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Dialysis patient Mark Dobson says 'last year has helped me realise how lucky I have been'

In his exclusive weekly column, dialysis patient Mark Dobson, who is the son of former MLA Jo-Anne, looks back at the highs and lows he has faced with his health over the past 12 months

As we have now passed through the door and into a brand new year I have been taking some time to think back over the ups and downs of 2017 - certainly a momentous 12 months for me.

It was a year which heralded major change in my life, ultimately resulting in me being hooked up for three four-hour dialysis sessions each week as I no longer have any kidney function.

It all began precisely a year ago in January 2017 when I started a series of lengthy tests and procedures which, over a few months, would ultimately show my kidney function was beginning to fail. I have been a lifelong renal patient and received a kidney transplant back in 2009 - I was told at the time that as I was so young I would likely need two or three transplants in my lifetime.

However, the phone call which we received on July 11 to confirm that my transplanted kidney had failed and would need to be removed left us feeling totally numb and facing a future of uncertainty. Even though I have been in that position before, you are still left with worry, waiting and many unanswered questions.

Comfort, however, came from the fact that we were in the hands of amazing professionals who, it is no exaggeration to say, have become an extended part of our family.

Things moved rather quickly from then on when I underwent surgery on August 1 at Belfast City Hospital to remove my kidney, with my first dialysis session following almost immediately after. It's a scary thing for anyone to go through, especially when you are watching a renal nurse connecting you up to a machine for the very first time.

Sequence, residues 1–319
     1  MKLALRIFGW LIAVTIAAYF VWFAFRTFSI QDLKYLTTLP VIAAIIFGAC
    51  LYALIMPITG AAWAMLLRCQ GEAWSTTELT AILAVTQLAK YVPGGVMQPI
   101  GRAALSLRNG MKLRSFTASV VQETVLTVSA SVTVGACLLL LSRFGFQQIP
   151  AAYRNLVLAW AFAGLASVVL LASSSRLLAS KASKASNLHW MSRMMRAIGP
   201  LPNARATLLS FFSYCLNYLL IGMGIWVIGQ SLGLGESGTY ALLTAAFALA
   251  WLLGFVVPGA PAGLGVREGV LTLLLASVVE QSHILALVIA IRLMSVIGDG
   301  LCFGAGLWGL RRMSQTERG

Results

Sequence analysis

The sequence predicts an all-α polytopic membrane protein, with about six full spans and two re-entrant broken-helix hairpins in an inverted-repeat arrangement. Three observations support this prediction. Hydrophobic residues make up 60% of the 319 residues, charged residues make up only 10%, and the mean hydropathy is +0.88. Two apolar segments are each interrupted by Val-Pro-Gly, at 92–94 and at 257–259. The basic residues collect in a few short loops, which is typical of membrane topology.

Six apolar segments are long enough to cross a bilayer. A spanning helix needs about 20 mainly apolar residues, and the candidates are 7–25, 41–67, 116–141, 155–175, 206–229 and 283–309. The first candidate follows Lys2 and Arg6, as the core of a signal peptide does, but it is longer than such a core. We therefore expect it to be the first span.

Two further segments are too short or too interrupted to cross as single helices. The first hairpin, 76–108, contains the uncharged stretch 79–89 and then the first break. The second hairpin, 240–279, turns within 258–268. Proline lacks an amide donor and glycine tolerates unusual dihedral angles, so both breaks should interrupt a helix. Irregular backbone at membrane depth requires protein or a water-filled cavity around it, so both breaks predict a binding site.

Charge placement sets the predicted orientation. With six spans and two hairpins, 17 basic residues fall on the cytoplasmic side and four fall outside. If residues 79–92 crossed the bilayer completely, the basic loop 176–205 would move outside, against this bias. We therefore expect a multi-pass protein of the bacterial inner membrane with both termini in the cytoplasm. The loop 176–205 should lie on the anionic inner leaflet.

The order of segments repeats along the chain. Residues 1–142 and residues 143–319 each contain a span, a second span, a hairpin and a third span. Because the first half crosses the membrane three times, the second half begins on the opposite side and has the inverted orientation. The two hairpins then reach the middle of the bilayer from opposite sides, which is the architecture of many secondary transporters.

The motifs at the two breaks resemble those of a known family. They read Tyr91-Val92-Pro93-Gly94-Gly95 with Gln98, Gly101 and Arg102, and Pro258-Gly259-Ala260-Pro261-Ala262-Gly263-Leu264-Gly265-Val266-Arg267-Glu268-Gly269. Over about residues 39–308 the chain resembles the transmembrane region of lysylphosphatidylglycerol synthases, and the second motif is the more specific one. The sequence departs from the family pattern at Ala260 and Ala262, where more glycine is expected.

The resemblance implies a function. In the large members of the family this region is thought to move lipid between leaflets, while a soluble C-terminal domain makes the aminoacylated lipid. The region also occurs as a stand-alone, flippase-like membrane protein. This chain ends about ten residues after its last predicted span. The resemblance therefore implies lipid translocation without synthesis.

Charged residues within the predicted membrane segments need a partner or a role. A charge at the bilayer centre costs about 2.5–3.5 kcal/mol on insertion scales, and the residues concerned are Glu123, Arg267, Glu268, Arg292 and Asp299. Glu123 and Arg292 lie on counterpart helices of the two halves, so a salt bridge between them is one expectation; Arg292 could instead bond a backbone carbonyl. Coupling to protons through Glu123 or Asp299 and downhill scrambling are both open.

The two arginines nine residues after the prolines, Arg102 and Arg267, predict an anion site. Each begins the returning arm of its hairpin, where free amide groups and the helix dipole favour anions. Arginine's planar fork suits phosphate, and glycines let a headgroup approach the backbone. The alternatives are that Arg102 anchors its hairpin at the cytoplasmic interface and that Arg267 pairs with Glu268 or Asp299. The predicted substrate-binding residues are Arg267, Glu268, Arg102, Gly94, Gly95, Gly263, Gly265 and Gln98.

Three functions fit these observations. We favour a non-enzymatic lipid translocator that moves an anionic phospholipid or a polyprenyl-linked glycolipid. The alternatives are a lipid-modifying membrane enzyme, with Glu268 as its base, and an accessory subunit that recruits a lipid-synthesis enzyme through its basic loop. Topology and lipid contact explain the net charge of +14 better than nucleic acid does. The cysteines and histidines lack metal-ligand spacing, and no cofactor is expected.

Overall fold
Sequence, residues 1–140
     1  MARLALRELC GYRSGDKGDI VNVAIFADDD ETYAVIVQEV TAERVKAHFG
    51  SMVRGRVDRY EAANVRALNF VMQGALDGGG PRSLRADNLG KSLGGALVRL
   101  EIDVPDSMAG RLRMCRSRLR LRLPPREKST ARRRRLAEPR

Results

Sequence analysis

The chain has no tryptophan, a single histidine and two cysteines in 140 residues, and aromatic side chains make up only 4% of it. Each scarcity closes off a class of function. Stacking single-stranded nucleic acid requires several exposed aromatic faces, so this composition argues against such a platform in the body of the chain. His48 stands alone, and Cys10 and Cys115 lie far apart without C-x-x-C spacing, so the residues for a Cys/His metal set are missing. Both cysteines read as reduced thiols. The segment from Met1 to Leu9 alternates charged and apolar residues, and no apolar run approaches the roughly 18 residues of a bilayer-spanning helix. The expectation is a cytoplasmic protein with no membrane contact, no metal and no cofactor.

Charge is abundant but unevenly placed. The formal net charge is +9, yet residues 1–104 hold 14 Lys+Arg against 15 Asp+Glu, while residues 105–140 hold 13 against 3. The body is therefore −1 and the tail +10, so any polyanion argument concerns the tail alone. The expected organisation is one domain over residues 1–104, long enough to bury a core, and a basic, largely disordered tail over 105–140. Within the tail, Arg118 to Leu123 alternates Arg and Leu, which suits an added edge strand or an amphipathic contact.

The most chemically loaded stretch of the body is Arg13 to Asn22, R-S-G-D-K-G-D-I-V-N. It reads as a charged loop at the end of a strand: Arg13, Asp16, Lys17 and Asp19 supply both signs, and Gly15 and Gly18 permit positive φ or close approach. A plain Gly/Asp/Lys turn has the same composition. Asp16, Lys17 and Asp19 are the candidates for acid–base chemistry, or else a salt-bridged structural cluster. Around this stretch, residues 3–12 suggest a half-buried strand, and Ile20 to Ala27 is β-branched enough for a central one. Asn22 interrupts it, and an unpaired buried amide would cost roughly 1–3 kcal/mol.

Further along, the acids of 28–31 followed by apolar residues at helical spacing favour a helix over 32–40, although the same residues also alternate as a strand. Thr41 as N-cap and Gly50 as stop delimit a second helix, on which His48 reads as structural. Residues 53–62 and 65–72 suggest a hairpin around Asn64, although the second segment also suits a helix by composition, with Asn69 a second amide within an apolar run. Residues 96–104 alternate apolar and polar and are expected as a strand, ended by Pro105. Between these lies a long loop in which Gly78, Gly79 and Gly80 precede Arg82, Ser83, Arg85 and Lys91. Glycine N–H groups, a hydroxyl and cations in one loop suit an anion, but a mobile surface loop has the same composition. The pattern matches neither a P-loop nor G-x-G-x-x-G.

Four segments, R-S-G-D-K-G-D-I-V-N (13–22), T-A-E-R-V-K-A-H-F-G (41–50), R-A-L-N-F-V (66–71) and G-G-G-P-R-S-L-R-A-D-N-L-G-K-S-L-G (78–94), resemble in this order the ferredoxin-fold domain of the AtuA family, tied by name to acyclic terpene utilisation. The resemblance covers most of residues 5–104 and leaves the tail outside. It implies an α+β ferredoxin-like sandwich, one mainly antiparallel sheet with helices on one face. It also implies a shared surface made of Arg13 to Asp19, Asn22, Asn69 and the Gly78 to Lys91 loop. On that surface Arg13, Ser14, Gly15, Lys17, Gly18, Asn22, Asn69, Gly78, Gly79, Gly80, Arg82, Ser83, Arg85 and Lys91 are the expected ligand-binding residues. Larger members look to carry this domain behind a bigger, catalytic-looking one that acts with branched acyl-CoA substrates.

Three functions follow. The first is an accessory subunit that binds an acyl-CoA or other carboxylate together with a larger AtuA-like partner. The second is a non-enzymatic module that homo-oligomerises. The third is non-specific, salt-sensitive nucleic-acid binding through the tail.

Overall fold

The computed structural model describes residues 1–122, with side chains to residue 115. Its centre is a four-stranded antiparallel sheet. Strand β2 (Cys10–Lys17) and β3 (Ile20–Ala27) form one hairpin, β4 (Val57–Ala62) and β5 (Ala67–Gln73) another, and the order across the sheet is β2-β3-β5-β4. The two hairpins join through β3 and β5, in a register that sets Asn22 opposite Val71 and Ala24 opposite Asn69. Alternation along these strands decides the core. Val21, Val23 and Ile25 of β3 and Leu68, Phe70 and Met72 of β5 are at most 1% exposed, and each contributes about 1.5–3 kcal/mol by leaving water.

There followed a series of weeks where I was in and out of hospital - with a few complications - but eventually the routine of dialysis dawned and I settled into a regular pattern of attending Daisy Hill Hospital on Monday, Wednesday and Friday mornings for my four-hour sessions.

Like all dialysis patients I am placed on a extremely restricted diet which cuts out lots of things I like - and a few things I don't like as well. It's important for me to stay as healthy as possible and to keep my potassium levels low. This was my choice of new year's resolution this year and I'm sticking to it ... so far.

I am also on a daily tablet routine - one of my nurses once said that if you shake a renal patient they rattle, and it's true.

With strict routines like these it can so often feel like groundhog day for renal patients.

I receive dialysis in a hospital ward with three fellow renal patients who are all hooked up at the same time. We enjoy each other's company while we endure these sessions which are keeping us all alive.

Our nurses and doctors keep an expert eye on us all to make sure that everything is running smoothly and are being especially careful with me as I have the hope of receiving a kidney from my mum - fingers crossed - next month.

While I have been looking back and describing my journey over the past year I know that I am only one of thousands of dialysis patients who could recount similar stories. Kidney failure can touch the lives of so many people, changing lives and dictating routines which were unthinkable before.

I know that I am one of the lucky ones. I have the opportunity of receiving a kidney from my mum, but this is not the reality for everyone waiting for a life-saving transplant and this makes me sad. Throughout the year I have made friends with so many patients who have been waiting many years for that elusive transplant and whose wait, given that availability is lower than demand, is likely to continue.

Thank you again to everyone who helped make my Christmas Appeal such a terrific success. Your help will make a difference for dialysis patients both at Belfast City Hospital and also in Daisy Hill.

That's it for this week - an exercise in looking back over the year that was 2017. I hope that you have a very happy and prosperous 2018 and remember to have that all-important conversation with your loved ones… make it your new year's resolution to be a life-saver.

Belfast Telegraph

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